BMC Musculoskeletal Disorders 2019 20:308

Accelerated knee osteoarthritis is associated with pre-radiographic degeneration of the extensor mechanism and cruciate ligaments: data from the Osteoarthritis Initiative

Julie E. Davis, Matthew S. Harkey, Robert J. Ward, James W. MacKay, Bing Lu, Lori Lyn Price, Charles B. Eaton, Grace H. Lo, Mary F. Barbe, Timothy E. McAlindon & Jeffrey B. Driban
Knee

Background

To determine if adults with incident accelerated knee osteoarthritis (KOA) are more likely to have degenerative knee ligaments or tendons compared to individuals with typical or no KOA.

Methods

We identified 3 sex-matched groups among Osteoarthritis Initiative participants who had a knee without radiographic KOA at baseline (Kellgren-Lawrence [KL] < 2): 1) accelerated KOA: at least 1 knee had KL grade ≥ 3 in ≤48 months, 2) typical KOA: at least 1 knee increased in radiographic scoring within 48 months, 3) no KOA: both knees had the same KL grade at baseline and 48 months. We evaluated knee magnetic resonance images up to 2 years before and after a visit when the accelerated or typical KOA criteria were met (index visit). Radiologists reported degenerative signal changes for cruciate and collateral ligaments, and extensor mechanism and proximal gastrocnemius tendons. We used generalized linear mixed models with 2 independent variables: group and time.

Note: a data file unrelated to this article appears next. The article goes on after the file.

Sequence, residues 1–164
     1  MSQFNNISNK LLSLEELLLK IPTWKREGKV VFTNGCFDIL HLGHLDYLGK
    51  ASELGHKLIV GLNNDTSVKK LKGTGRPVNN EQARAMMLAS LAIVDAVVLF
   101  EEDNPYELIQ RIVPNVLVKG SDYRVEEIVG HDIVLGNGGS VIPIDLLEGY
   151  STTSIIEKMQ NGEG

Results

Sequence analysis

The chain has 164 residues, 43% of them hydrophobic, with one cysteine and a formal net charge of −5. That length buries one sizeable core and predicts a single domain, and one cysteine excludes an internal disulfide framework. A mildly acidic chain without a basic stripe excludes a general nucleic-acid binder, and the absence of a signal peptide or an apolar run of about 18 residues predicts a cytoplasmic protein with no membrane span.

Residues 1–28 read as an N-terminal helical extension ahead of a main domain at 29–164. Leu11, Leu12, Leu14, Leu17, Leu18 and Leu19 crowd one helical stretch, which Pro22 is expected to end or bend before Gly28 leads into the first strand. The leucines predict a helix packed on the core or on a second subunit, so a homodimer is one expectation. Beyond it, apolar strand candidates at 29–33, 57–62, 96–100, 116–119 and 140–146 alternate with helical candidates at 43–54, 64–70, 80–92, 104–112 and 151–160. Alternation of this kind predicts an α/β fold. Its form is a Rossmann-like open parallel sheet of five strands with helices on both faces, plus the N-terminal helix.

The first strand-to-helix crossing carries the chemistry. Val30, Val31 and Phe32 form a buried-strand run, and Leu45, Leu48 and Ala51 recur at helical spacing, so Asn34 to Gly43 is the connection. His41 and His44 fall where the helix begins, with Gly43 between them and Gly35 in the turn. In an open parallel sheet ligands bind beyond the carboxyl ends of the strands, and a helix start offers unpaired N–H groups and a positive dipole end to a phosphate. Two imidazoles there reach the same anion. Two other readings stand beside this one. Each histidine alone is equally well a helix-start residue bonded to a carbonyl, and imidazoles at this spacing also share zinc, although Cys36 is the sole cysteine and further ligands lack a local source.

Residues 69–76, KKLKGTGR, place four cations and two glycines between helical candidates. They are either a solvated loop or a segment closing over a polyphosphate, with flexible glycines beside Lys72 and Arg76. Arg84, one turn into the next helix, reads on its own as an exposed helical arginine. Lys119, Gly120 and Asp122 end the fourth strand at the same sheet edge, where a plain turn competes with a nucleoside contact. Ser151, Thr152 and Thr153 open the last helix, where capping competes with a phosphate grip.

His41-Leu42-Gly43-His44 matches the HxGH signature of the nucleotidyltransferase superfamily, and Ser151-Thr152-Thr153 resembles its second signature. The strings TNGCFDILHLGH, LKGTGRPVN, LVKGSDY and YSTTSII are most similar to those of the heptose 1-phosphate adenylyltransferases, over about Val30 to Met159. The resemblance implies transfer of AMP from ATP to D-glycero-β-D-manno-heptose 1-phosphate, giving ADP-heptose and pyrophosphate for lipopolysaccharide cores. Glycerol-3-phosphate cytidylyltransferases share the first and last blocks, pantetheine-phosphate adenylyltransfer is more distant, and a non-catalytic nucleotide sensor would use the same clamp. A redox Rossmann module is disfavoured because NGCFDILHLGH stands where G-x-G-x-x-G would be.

Results

Starting at least 2 years before onset, adults with accelerated KOA were twice as likely to have degenerative cruciate ligaments than no KOA (odds ratio = 2.10, 95% CI = 1.18, 3.74). A weaker association (not statistically significant) was detected for adults with accelerated versus typical KOA (OR = 1.72, 95%CI = 0.99, 3.02). Regardless of time, adults with accelerated (odds ratio = 2.13) or typical KOA (odds ratio = 2.16) were twice as likely to have a degenerative extensor mechanism than no KOA. No other structural features were statistically significant.

Conclusions

Degenerative cruciate ligaments or extensor mechanism antedate radiographic onset of accelerated KOA. Hence, knee instability may precede accelerated KOA, which might help identify patients at high-risk for accelerated KOA and novel prevention strategies.


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